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In Balochistan, Violence Continues to Target Journalists


Journalist protest in front of the provincial legislature in Balochistan in September.

Journalist protest in front of the provincial legislature in Balochistan in September.

QUETTA, Pakistan -- Journalism has become one of the most dangerous professions in the southwestern Pakistani province of Balochistan, where 38 journalists have been killed since 2008.

Habibur Rahman Taseer, a stringer for Deusche Welle, is among the latest victims of violence and intimidation against media workers.

"Unknown people phoned me last month and threatened to kill me. They also called my journalist friends and told them that I was a suspicious person," he told RFE/RL’s Gandhara website. "They said that they worked for an [unnamed] organization which considered our radio station suspicious, and that my reporting violated their policies."

Taseer said that the callers repeatedly accused him of working for a foreign intelligence service. "'This is why we will not spare you. We will kill you,' I was told repeatedly," he said.

In early September, days after the threats were made, Taseer, 38, left Balochistan's capital, Quetta, for his native Ghazni province in central Afghanistan. "When they threatened to harm my children, I saw no point in informing the police and hastily left," he said.

"They told me where my eighth-grade son and my daughter, who is in the first grade, went to schools," he said. "So I left Quetta for the sake of my children's safety."

Only days before on August 28, two journalists and a fellow office worker were shot dead in Quetta. Irshad Mastoi, Abdur Rasool, and Muhammad Younas worked for the local news agency, Online.

Shahzada Zulfiqar, a senior journalist in Balochistan, says that authorities have so far failed to make a single arrest in the murder of a journalist. He added that members of Balochistan's police force are reluctant to investigate the killings because of fear that it would imperil their security.

"Without the help of the army and the intelligence services, it will be very difficult for the police to nab a single killer," he told Gandhara. "Those involved in killing journalists are very powerful. They are not common criminals. Such groups are behind sophisticated targeted assassinations and terrorist attacks. They are beyond the reach of the police."

Balochistan, a vast, resource-rich region, has been the scene of a violent separatist insurgency and sectarian strife since 2004. Thousands of secessionist rebels, civilians, and soldiers have died in the conflict with secular, ethnic Baluch nationalists.

In addition, more than 1,000 Shi'ite Muslims have been killed in attacks by hardline Sunni factions. Amid such lawlessness, criminality has spiked and murders and kidnappings have reached unprecedented numbers.

Zulfiqar said that separatist organizations such as the Baloch Liberation Front and Baloch Liberation Army have claimed responsibility for some of the 27 journalists killed in targeted assassinations since 2007. Many of the other murders remain unexplained, or are attributed to the other side.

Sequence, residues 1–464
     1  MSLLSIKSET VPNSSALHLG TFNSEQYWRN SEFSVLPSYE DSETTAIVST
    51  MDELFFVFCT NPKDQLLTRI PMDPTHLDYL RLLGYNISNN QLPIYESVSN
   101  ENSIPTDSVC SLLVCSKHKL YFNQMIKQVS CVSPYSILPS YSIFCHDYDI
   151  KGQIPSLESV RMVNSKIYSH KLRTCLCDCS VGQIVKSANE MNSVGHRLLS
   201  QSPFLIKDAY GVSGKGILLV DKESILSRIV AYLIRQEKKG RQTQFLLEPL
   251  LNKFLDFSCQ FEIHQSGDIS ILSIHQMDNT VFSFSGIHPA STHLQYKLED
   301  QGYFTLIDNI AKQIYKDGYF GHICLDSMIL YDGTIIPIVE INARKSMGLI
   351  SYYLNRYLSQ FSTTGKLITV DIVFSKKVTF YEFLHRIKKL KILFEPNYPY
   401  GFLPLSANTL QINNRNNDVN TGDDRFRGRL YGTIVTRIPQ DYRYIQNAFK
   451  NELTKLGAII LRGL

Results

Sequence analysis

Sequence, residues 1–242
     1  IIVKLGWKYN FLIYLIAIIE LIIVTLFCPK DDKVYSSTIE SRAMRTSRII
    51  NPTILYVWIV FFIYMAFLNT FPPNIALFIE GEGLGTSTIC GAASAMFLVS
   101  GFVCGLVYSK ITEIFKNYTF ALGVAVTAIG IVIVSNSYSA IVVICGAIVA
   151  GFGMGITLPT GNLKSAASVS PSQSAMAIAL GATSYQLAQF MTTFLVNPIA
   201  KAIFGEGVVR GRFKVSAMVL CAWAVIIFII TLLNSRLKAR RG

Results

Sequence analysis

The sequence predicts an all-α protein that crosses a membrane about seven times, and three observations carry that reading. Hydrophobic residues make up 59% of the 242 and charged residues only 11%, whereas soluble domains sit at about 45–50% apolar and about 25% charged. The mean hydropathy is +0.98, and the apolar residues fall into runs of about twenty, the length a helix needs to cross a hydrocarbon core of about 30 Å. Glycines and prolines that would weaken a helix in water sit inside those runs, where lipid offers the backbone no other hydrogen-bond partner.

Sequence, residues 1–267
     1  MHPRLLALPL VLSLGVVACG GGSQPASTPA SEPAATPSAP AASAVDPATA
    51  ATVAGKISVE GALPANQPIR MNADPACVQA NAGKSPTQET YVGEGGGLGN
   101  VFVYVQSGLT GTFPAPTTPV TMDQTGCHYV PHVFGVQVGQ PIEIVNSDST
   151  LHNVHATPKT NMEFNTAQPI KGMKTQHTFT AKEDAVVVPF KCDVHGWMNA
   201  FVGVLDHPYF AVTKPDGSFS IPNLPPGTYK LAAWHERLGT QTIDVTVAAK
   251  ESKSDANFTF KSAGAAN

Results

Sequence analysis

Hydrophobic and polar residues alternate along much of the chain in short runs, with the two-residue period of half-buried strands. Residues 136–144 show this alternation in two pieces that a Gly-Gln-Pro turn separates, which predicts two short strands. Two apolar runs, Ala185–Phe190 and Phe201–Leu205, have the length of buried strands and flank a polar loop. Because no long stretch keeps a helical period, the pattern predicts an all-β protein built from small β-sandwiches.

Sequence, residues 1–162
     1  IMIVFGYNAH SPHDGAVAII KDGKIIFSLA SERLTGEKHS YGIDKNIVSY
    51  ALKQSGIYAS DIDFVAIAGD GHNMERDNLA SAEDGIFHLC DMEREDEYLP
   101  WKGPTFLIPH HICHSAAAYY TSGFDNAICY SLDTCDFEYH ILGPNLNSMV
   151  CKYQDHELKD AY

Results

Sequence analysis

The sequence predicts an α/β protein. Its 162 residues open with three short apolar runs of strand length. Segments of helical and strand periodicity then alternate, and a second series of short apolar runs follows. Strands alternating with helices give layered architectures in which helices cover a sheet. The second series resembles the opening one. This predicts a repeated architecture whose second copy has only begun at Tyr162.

"The relatives of these journalists claim that intelligence services, or militant groups nurtured by them to counter the Baloch separatists, are responsible for killing their sons or brothers," he said.

Sayed Ali Shah, a Balochistan correspondent for the English-language daily "Dawn," says that reporting on Baluch separatist violence and the presence of Afghan Taliban in the region have been considered red lines for Balochistan's journalists for a long time, but in recent years covering even routine, local issues can prove deadly.

"Reporting ordinary news, such as reporting one tribal leader or politician speaking against another, can land you into trouble," he told Gandhara. "There are so many powerful people here that if they kidnap or harm a journalist, the state's security institutions are not capable of helping. Apart from reporting on sensitive issues, we cannot even report the true picture of our society, officials, and government organizations."

Jan Mohammad Buledi, spokesman for the province’s top official, Chief Minister Abdul Malik, says that their administration is committed to protect journalists in Balochistan by deploying security guards at media offices.

"We are investigating the people responsible for harming journalists and are also looking into the factors behind such acts," he said. "It is difficult to investigate the murders that are not claimed by known militant groups. It takes time to uncover people involved in such murders."

Asad Shah, a senior police officer in charge of investigating violence against journalists, says their efforts have yet to show results. "We have uncovered the way journalists are killed and kidnapped, but we have to unmask the people involved in such attacks," he said.

But journalists in the province are not optimistic and have resorted to protests. During the past months they have held numerous demonstrations, and waged a week-long hunger strike in front of the parliament in Quetta demanding that the government provide them security and investigate attacks on journalists.

Irfan Saeed, president of the Balochistan Union of Journalists, says the provincial authorities and the central government are not serious about addressing the violence.

"Four months ago the government announced a judicial commission to probe the murders of our colleagues in Balochistan," he said. "But the idea remains buried in government files and we have yet to see any results."

Abubakar Siddique wrote this report based on reporting by Barakwal Myakhel from Quetta, Balochistan.

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